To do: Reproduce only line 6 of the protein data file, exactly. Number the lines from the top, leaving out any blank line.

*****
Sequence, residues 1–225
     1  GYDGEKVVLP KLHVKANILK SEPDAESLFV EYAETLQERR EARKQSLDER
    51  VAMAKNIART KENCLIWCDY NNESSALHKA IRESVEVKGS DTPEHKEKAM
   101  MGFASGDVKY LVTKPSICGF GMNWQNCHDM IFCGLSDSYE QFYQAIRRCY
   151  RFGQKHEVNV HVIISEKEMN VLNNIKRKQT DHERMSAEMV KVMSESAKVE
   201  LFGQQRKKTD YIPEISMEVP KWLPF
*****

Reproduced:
   201  LFGQQRKKTD YIPEISMEVP KWLPF